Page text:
Cation distribution in many ferrites has been difficult to determine by x‐ray diffraction since the scattering factors of such cations as Ni, Co, Mn, and Cu are close to that of Fe. By using radiation of a wavelength close to the absorption edge of one of the cations, as suggested by Bertaut, sufficient difference in x‐ray scattering factors can be developed because of anomalous dispersion, thus allowing the cation distribution to be ascertained. This method was employed in the case of nickelferrite.
As a modification of Bertaut's technique, ratios of intensities of the diffracted peaks for FeKα and FeKβ radiation from nickelferrite were used to eliminate certain factors in the intensity equation which are difficult to calculate, for example, the absorption and temperature factors.
A least‐squares technique was used to determine the best values of the cation distribution and the oxygen position for the intensity ratios obtained for seven reflections. It was found that the cation distribution coefficient was 0.48±0.02, in agreement with the results obtained by magnetic‐moment measurements and neutron diffraction. The oxygen positional parameter was found to be 0.240±0.002 of the lattice parameter with an octahedral position at the origin, which is in good agreement with the value obtained using neutron diffraction.
The method appears to be of general value in distinguishing between two elements distributed over nonequivalent positions in a crystal lattice when their x‐ray scattering factors are almost equal.
29(1958); http://dx.doi.org/10.1063/1.1723068View Description Hide Description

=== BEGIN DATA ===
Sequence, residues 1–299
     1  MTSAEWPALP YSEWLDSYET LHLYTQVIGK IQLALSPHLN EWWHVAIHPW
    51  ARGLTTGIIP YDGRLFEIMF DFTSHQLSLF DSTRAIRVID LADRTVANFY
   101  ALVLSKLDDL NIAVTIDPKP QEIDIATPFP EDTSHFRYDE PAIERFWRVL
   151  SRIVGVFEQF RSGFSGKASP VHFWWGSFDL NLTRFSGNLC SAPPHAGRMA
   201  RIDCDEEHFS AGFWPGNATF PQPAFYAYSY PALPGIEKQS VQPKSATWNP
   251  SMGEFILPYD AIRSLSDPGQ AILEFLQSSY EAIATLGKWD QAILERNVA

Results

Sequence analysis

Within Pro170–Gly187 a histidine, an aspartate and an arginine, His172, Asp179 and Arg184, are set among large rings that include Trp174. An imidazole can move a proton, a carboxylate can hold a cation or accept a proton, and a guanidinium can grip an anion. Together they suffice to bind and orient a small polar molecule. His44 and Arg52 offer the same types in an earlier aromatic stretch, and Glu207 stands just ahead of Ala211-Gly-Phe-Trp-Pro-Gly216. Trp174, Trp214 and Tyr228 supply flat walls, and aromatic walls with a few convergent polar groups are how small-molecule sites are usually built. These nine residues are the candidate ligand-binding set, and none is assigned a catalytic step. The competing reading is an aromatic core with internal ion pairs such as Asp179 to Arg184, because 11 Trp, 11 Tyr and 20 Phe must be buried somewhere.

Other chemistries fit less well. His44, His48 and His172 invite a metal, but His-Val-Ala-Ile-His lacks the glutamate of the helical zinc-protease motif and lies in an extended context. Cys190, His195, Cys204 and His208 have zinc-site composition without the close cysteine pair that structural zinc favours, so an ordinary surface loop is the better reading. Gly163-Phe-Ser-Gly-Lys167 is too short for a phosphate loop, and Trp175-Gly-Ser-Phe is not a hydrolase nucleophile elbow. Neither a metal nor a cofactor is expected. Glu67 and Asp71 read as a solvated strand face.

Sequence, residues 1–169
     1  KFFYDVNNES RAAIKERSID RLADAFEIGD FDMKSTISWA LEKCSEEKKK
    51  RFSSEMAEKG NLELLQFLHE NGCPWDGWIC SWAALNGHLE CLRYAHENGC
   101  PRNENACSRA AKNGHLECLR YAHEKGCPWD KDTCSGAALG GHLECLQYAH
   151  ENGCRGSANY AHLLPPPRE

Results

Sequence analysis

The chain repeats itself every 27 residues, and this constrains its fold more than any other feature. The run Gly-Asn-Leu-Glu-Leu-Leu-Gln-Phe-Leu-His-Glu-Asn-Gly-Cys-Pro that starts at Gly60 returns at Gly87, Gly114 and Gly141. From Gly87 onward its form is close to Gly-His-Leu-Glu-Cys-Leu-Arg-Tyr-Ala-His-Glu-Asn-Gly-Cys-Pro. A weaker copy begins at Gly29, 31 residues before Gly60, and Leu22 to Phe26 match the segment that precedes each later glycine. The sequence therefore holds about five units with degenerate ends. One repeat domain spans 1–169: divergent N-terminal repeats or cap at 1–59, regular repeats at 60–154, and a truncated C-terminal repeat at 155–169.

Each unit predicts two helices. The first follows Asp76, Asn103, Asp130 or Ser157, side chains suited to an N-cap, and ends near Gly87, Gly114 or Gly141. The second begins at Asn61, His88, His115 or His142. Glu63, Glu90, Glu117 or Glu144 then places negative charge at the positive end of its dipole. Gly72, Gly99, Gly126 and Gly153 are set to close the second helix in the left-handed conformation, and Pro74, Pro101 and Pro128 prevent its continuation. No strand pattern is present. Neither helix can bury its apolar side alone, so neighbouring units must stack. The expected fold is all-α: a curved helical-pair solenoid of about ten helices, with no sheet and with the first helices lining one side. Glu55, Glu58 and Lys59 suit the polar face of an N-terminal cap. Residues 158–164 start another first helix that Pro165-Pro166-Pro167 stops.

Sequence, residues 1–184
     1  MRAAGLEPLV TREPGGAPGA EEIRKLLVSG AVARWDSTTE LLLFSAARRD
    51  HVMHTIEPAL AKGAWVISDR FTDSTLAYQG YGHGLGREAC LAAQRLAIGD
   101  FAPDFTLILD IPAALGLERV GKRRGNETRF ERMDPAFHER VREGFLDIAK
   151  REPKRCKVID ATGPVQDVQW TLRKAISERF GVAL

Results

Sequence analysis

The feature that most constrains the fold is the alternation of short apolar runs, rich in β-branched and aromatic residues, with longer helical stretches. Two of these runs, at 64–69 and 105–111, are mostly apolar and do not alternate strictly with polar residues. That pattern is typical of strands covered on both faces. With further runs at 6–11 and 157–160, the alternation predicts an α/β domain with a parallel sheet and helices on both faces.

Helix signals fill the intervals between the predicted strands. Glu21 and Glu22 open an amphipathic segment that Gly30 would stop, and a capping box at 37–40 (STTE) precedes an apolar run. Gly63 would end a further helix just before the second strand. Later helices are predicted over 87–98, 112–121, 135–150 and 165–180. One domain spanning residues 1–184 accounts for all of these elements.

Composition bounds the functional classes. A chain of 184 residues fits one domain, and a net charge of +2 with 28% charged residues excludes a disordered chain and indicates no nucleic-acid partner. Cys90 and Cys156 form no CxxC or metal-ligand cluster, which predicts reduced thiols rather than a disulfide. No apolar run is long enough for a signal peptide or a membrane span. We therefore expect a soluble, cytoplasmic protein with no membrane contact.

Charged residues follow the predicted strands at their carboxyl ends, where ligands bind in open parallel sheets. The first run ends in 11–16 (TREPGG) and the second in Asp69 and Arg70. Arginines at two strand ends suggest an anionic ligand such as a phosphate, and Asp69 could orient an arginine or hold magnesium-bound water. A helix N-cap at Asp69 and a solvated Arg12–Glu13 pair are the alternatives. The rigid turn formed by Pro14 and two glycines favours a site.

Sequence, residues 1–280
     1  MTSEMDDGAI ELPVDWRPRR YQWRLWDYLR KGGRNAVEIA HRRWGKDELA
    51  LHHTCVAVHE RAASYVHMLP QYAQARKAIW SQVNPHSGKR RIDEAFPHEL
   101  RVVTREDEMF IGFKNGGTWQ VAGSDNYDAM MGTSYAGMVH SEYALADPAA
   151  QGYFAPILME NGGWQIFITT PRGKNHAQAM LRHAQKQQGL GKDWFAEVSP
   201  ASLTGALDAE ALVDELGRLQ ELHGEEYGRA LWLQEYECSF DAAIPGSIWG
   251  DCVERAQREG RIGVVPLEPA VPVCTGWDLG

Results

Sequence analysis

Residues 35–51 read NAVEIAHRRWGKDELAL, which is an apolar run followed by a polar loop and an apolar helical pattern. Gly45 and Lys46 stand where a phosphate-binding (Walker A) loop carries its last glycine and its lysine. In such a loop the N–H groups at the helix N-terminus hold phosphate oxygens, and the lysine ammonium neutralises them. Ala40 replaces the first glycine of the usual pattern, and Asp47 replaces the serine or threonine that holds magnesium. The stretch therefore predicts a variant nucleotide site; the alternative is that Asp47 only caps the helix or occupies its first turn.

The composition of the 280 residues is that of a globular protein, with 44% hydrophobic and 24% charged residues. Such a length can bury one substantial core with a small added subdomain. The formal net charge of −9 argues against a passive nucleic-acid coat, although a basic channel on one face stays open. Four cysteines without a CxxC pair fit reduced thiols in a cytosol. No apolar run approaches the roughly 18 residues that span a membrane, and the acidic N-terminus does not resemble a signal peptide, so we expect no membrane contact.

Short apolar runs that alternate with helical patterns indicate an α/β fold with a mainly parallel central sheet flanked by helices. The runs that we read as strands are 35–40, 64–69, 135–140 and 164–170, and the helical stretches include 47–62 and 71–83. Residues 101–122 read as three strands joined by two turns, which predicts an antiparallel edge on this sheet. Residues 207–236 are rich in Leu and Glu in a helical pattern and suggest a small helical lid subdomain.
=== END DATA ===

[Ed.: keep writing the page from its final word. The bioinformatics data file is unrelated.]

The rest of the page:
The Born‐Green theory, employing the Kirkwood superposition approximation, is investigated as a means of calculating the intrinsic bulk viscosity—a bulk viscosity due solely to Van der Waals interactions—in a monatomic gas. In the framework of the Born‐Green Theory, it is found that the Kirkwood approximation does not introduce irreversibility and leads to homogeneous integral equations with no normalizing conditions. By the neglect of terms of the order of contributions from triple collisions, expressions for the bulk viscosity are derived in terms of other thermodynamic quantities which yield rough values of the order of one micropoise for argon and nitrogen at 0°C, 1 atmos.
29(1958); http://dx.doi.org/10.1063/1.1723069View Description Hide Description
The surface tensions of liquid Ti, Zr, and Hf at their melting points were measured in pure argon atmosphere by the drop‐weight method. A uniform longitudinal field induction coil was used to melt the sample rod tip. The average values obtained were 1390±40, 1400±40, and 1460±40 dynes/cm, respectively.
29(1958); http://dx.doi.org/10.1063/1.1723070View Description Hide Description
A study is made of the etch effects produced by sputteringgermanium crystals and bicrystals under normal incident low‐energy (100 ev) Hg+‐ion bombardment in a low pressureplasma (1 micron gas pressure). The surfaces show preferentially etched pits which readily reveal the crystal orientation. These pits become more abundant at lower target temperature and truncated at higher target temperature or at higher energy of the bombarding ions. A sequence of micrographs from the same surface area reveals that these pits cannot be correlated with the pits which are persistently developed by CP‐4. A 6° tilt boundary however always develops into a sharply indented furrow just as was the case with a CP‐4 etchant.